Never Leave Home Without This
They rather predictably state every journey begins with the first step but in truth any kind of slightly planned trip starts well before you lace up your boots.
For me it’s always conceived with a map, a trustworthy cartographic companion which contains more useful information than a thousand travel writers’ blogs.
In fact, a map I might chance upon, or idly pick up, can often decide where I end up going far more than any cut-price package tour advertisement or even a pal’s word of mouth.
For example, at one workplace I rescued a laminated and large-scale map, discarded in a corner of the Katherine Gorge in the Northern Territory.
It planted the seed of a travel idea which lay dormant with the rolled-up document in the basement until a chance to visit Darwin morphed it into a multi-day hike behind the gorge.
Without finding that the bulky map, which guided me on the solo expedition to some truly remarkable places, I would most likely never have gone.
There are many other examples where the caress of contour lines, the lure of pristine lakes, the sheer size of the scale and the fundamental beauty of a good map have triggered terrific trips.
I recently found in a street-corner library, where good-hearted folk leave excess, books, a collection of maps and a guide to hiking in the mighty Al Hajar mountains of Oman on the Arabian Peninsula.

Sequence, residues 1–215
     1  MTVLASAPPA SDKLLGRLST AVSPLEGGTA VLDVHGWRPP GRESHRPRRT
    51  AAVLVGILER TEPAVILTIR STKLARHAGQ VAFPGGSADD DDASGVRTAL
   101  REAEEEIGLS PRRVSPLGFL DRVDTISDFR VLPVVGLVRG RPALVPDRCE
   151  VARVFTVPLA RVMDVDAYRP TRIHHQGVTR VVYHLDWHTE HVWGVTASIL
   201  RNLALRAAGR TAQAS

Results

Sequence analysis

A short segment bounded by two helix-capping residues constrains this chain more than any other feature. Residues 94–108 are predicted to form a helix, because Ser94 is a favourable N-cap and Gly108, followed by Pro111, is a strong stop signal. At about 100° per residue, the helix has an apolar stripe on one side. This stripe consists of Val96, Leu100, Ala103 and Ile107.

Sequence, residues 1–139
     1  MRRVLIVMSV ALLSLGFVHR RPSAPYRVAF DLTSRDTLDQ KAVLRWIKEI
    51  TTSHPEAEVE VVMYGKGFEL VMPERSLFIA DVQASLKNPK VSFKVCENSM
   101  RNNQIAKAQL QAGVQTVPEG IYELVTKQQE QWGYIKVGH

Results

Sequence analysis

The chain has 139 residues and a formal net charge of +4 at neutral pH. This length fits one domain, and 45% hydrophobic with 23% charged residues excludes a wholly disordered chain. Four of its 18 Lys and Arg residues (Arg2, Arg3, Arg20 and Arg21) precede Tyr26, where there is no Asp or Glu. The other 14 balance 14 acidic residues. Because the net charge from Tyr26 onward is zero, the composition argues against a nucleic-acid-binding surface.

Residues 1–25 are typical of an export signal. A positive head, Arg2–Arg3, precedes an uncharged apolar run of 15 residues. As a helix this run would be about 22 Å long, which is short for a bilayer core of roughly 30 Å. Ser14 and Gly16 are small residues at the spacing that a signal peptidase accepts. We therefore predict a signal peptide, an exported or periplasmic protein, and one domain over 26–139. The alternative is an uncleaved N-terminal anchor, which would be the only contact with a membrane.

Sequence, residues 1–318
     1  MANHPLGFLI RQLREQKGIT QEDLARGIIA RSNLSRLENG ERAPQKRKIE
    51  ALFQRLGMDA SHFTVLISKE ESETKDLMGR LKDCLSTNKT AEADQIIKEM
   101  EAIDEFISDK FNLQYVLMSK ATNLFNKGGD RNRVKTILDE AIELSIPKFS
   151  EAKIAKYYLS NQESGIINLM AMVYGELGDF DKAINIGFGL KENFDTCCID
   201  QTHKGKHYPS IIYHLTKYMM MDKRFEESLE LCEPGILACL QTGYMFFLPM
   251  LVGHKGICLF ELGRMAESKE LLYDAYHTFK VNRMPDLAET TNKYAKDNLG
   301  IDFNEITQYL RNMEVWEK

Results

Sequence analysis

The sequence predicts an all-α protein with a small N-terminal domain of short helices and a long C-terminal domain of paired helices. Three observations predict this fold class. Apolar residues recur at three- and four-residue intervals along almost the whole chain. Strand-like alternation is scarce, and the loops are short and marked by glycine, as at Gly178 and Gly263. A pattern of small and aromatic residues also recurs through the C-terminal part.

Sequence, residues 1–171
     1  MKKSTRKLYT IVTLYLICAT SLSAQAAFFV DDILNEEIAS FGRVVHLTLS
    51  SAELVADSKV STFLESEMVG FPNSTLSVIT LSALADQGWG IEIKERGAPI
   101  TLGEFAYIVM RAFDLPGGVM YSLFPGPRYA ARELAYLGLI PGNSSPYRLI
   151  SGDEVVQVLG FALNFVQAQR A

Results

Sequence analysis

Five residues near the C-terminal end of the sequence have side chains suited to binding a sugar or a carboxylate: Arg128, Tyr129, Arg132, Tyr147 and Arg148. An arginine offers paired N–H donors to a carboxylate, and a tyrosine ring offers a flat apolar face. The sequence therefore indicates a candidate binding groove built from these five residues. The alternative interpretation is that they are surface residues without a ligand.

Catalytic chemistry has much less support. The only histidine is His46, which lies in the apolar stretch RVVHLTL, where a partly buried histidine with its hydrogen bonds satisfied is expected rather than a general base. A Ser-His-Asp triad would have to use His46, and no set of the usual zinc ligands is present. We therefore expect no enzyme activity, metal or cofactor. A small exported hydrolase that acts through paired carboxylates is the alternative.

I’d always wanted to go there and am now going to on a stop-over to Europe next year, really all because someone generously decided to leave the maps for someone else instead of throwing them away.
The only trouble is it’s easier to collect maps than to execute trips due to the usual issues around time and money. I have a formidable map of the whole of Canada and its Arctic Circle lands which cuts Australia down to size.
It’s made of felt and allows you to put pins in the places you want to visit such as a ride on the Polar Bear Express in Northern Ontario. But then there is Jasper National Park in Alberta and many other places worthy of seeing during their long summer evenings.
Finally, there’s a scratch map which allows you to remove the colouring of all the places you have visited. The trouble is when you look at the globe, however much you have travelled, there are always many other places to go.
So challenge yourself to get a good map, on paper NOT digital, and start exploring with the wonders of cartography before you even leave home.